Most workers assume that Venus’ mantle is similar in composition and temperature to Earth’s mantle, with similar viscosity and a strong temperature-dependent viscosity profile. However, some workers consider Venus’ mantle to be stiffer than Earth’s due to presumed drier conditions (e.g., 1020 Pa s, Nimmo and McKenzie, 1998). Volatiles are of course important in understanding Venus’ interior—particularly with regard to viscosity; however, interior volatile values and compositions are currently unconstrained. Lack (presence) of volatiles will increase (decrease) strength and increase (decrease) the mantle solidus. Large viscosity contrasts are likely across thermal boundary layers: notably across the lithosphere and core-mantle boundaries. In contrast to Earth however Venus lacks a low viscosity asthenosphere, likely a contributing factor to Venus’ lack of plate tectonic processes. In discussion of Venus one must be ever mindful of Venus-Earth differences, as well as assumptions and unknowns for both planets. Venus provides a superb sister with which to construct comparative experiments aimed at understanding terrestrial planet evolution.

The NASA Magellan mission returned four remote global data sets: altimetry, synthetic aperture radar (SAR) imagery, emissivity, and gravity data (Ford and Pettengill, 1992; Ford et al., 1993). Emissivity is chiefly controlled by dielectric permittivity and surface roughness (Pettengill et al., 1992). Gravity data can resolve features >400 km, and provides clues to subsurface architecture, although interpretations are notably non-unique. Altimetry has a spatial resolution of 8 km (along-track) by 20 km (across-track), and vertical resolution ~30 m. SAR data (~120m/pixel available via the web at http://pdsmaps.wr.usgs.gov/maps.html), provides the highest resolution view of Venus, and allows for geomorphic and geological interpretations, including geologic surface histories. SAR and altimetry data can be digitally combined to construct synthetic stereo, 3D, views of the surface (Kirk et al., 1992). Cautions for interpretation of geologic features and histories are outlined in a variety of references (Wilhelms, 1990; Ford et al., 1993; Tanaka et al., 1994; Zimbelman, 2001; Hansen, 2000).

Venus is divisible into three topographic provinces: lowlands, highlands and mesolands. The lowlands (70-80% of the surface) include long-wavelength (thousands of km) low amplitude basins (<1 km), marked by relatively smooth low strain regions with local belts of concentrated deformation (Banerdt et al., 1997). The highlands (8-10% of the surface) host volcanic rises, crustal plateaus, and the unique feature Ishtar Terra (Hansen et al., 1997). Mesolands lie between the lowlands and highlands, and host many of Venus’ coronae, (60-2600 km diameter quasi-circular tectonomagmatic features) and spatially associated chasmata (troughs). About 970 impact craters (1-270 km diameter) pepper the surface with a spatial distribution indistinguishable from random (Phillips et al., 1992; Schaber et al., 1992, Herrick et al., 1997; Hauck et al., 1998).  A variety of volcanic landforms ranging in size from km to 100s of km occur across the surface. Lava flows, with areal extent 100s to 1000s of km, are commonly associated with volcanoes, coronae, and fractures (Head et al., 1992; Crumpler et al. 1997). Volcanic shields (1-20 km diameter), occur in shield fields (<300 km diameter regions) and as ‘shield terrain’ distributed across millions of km2 (Guest et al., 1992; Crumpler et al., 1997; Hansen, 2005).  Fluid cut channels, or canali, extending 10s or 1000s of km trace across the surface (Baker et al., 1997).  Volcanic forms are consistent with basaltic compositions (e.g., Bridges, 1995, 1997; Sakimoto and Zuber, 1995; Stofan et al., 2000).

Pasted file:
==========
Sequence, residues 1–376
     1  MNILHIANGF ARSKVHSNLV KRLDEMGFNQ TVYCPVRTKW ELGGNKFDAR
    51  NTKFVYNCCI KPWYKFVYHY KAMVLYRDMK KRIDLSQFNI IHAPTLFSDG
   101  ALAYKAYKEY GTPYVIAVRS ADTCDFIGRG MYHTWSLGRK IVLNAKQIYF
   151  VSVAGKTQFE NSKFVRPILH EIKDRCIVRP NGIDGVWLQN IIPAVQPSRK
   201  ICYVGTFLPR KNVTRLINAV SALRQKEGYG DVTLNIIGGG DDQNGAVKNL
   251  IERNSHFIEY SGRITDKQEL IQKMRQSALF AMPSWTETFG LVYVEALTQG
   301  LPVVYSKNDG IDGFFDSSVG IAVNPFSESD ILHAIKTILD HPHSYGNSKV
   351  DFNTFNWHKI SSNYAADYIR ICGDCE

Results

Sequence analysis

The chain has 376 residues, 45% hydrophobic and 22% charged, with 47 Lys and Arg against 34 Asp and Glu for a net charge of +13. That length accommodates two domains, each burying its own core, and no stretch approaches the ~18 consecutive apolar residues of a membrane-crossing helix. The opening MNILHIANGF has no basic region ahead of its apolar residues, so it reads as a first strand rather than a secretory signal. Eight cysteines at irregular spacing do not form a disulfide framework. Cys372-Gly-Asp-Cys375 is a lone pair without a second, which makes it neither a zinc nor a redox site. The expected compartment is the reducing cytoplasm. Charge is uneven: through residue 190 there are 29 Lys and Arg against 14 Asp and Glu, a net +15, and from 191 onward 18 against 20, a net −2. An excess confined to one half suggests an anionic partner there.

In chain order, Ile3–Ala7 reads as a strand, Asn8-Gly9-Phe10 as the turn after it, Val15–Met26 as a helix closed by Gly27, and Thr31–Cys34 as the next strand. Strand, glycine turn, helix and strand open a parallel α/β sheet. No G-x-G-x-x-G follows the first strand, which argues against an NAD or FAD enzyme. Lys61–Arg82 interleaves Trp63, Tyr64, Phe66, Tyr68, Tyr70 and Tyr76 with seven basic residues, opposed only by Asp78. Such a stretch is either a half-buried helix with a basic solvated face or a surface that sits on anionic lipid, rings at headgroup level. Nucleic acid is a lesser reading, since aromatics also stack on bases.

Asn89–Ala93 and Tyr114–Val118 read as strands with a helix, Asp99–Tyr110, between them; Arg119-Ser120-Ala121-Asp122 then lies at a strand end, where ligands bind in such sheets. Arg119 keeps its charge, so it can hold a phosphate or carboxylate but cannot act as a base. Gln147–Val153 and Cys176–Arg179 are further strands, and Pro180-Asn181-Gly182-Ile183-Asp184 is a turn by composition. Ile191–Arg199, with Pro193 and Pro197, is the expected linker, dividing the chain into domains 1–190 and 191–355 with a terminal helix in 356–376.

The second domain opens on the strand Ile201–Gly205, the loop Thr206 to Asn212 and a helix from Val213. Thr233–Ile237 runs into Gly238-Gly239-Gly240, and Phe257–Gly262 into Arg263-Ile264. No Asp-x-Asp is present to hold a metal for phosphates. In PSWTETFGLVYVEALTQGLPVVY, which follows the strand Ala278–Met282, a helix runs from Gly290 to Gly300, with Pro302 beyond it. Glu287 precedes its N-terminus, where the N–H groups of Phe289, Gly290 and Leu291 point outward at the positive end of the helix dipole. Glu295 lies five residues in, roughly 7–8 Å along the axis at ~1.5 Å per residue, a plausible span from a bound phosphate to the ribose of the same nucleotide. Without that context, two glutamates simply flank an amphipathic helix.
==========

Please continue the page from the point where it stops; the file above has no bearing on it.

The recently proposed revised definition of LIPs (Bryan and Ernst, 2007) concerns composition, size and rapid emplacement: Large Igneous Provinces are mainly mafic magmatic provinces (having generally subordinate silicic and ultramafic components, whereas some are dominantly silicic) with areal extents >0.1 Mkm 2, igneous volumes >0.1Mkm3 and maximum lifespans of ~50 Myrs that are emplaced in an intraplate setting and characterised by igneous pulse(s) of short duration (~1-5 Myrs), during which a large proportion (>75%) of the total igneous volume has been emplaced.

How does this definition dovetail with possible LIPs on Venus? Venus surface composition, while not uniquely constrained, is widely accepted as basaltic. Areal extent is similarly easily met as tectonomagmatic volcanic rises and crustal plateaus cover areas up to 1500-2500 km diameter, whereas large coronae and radial dike swarms can exceed 350 km in diameter. Volume, while not directly constrained, does not present a serious concern given that the areal criteria of LIP is met.  The issue of time and requisite fast emplacement of <50 Myrs is not and cannot (currently) be constrained on Venus.  We simply have no means to constrain absolute time at this point in planetary exploration.  Furthermore, in many ways the near pristine character of features on Venus serves as a curse (or at least as a geological tease) toward the goal of constraining absolute time. Let me explain. Geologists commonly assume that a lack of weathering or degradation (erosion or burial) reflects relative youth; therefore, a planet surface characterized by pristine features might be assumed to be consistently young, and therefore record processes that occur quite quickly. However, interpretations of relative youth are only valid if processes that contribute to surface/feature degradation are operative at relatively short time scales.  While this logic makes sense for Earth and Mars, it is not applicable to Venus—a planet that currently lacks a hydrological cycle. Thus, it is critical to accept that we currently have no means by which to constrain absolute time on Venus; and to also accept that the incredible preservation of surface details does not reflect absolute time or age.